The Carrera del Darro is Granada’s prettiest thoroughfare at any time of year, but in spring it is truly beautiful. Beginning from Plaza Nueva and winding down towards Albaicín alongside the Darro River, this lovely old cobbled street features on most of the postcards on sale in Granada. It is lined with centuries-old buildings rising up from the riverbank, their worn facades covered in spring by lush creepers and trees with colourful blossom. Peer over the ancient stone wall to see the Darro River gently flowing between verdant banks; here, the Darro passes under two of the oldest bridges in Granada, and remnants of a few more that used to connect Albaicín with the Alhambra. Walking down the Carrera del Darro in early evening, as the sun disappears over the rooftops of Albaicín, will be one of the most unforgettable experiences of your visit.
Climbing to the top of Albaicín, Granada’s beautiful old Arabic quarter, is still just about possible in spring. This barrio of crunched-together, whitewashed houses and pretty cobbled squares occupies the hillside on the opposite side of the valley from the Alhambra, and is the best place in the city to wander aimlessly if the temperature permits. Popular with both tourists and locals is Plaza San Nicolas, which offers unforgettable views of the Alhambra and the Sierra Nevada mountain range in the background. Given its central location, you can’t help but find your way to San Nicolas eventually, affording the opportunity to become happily lost in Albaicin’s maze-like streets on your way; these are particularly beautiful in spring, when their scruffy white walls are overhung by colourful, aromatic Jasmine flowers and geraniums.
If you’re up in Albaicín to check out the views from San Nicolas, you can head over to the Gypsy neighbourhood of Sacromonte via the rugged, cacti-studded countryside that separates these two other-worldly barrios. This lovely walk is best enjoyed in spring, when the temperatures won’t leave you doubled up and panting for breath, and when the countryside is at its most attractive. Head up the steps to the Ermita San Miguel Alto (another incredible viewpoint in its own right) and follow the main path around the hermitage and out into the open countryside high above the city. The track takes you over the hill, down into a mini-valley and back up into Sacromonte, where Granada’s Gypsies live in caves carved into the hillside. The countryside up here is also a great place to stop for a picnic, or from which to watch the sun set over the rooftops of Albaicín.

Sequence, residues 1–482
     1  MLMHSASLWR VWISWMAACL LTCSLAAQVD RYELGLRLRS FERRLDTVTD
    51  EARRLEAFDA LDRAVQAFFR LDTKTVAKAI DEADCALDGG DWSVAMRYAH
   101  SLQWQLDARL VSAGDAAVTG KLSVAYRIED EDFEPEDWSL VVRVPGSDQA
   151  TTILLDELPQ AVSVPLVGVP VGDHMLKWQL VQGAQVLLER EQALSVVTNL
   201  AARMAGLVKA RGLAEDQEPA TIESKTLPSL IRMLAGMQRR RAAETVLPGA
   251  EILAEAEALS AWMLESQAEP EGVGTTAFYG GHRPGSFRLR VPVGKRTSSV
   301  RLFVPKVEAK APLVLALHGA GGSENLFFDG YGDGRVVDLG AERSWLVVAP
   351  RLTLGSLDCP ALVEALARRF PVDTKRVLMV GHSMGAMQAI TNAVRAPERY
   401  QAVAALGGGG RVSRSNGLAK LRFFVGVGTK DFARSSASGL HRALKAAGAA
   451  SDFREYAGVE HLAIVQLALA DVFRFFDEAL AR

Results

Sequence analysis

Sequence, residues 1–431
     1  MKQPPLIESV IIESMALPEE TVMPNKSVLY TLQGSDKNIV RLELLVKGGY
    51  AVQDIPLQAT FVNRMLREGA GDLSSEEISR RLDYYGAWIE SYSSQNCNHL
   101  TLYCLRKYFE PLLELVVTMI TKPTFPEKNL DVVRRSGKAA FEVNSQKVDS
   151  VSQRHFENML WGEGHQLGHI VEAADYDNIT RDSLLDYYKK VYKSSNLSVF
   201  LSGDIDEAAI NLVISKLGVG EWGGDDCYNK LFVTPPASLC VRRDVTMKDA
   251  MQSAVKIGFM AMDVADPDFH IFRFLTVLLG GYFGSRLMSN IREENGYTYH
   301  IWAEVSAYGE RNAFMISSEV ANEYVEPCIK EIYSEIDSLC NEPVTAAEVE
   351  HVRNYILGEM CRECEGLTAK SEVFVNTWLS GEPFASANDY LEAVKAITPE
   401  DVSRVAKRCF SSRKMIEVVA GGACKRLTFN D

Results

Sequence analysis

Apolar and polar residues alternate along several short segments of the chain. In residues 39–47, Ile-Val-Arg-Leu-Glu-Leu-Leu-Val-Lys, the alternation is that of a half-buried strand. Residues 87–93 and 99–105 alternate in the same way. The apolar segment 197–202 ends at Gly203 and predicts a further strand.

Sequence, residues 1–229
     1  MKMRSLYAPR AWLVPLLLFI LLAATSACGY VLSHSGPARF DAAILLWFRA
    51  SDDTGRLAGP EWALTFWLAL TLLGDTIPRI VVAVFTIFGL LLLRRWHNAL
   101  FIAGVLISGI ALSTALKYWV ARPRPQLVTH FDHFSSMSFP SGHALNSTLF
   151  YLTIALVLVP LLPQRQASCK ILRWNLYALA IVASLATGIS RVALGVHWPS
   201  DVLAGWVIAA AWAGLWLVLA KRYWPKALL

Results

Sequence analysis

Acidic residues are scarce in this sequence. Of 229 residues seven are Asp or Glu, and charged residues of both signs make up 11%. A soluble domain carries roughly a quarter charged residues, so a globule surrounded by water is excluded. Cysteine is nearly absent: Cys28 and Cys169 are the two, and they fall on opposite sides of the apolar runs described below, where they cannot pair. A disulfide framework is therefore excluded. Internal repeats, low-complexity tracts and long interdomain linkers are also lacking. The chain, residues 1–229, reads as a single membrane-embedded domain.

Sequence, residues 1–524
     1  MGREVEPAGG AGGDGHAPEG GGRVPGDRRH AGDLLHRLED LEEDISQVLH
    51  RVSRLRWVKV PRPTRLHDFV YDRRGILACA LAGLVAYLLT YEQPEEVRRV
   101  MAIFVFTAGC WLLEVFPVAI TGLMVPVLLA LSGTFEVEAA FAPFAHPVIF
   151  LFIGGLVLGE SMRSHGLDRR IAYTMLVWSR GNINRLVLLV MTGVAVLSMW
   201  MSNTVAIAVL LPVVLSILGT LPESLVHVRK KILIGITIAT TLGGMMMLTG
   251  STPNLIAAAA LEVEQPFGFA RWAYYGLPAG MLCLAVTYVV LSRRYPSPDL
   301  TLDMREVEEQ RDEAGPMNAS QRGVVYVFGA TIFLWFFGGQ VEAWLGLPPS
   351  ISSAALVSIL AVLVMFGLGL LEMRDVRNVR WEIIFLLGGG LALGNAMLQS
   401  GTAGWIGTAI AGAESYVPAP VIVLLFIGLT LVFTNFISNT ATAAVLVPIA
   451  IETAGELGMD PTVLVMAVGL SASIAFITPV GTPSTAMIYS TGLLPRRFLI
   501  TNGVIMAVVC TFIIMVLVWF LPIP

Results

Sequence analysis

Known as the ‘Donkey Square’ by granadinos on account of the statue of a donkey in one corner, this is one of central Granada’s most attractive spaces. Its many outside seating areas can be too hot during the summer, as they are directly in the line of fire of the searing midday sun; but in spring it is a perfect place to people-watch and enjoy some tapas. Service at the bars that line its east side is always friendly, and the tapas dishes are more inventive and pan-Mediterranean than those served in the city’s traditional bars and restaurants. Donkey Square also offers a striking contrast between modern and classic architecture: the slanting, white panels of the Federico Garcia Lorca Centre are right next door to stately apartment buildings in the traditional Andalusian style, and towering over them all is the lone tower of Granada’s mighty cathedral.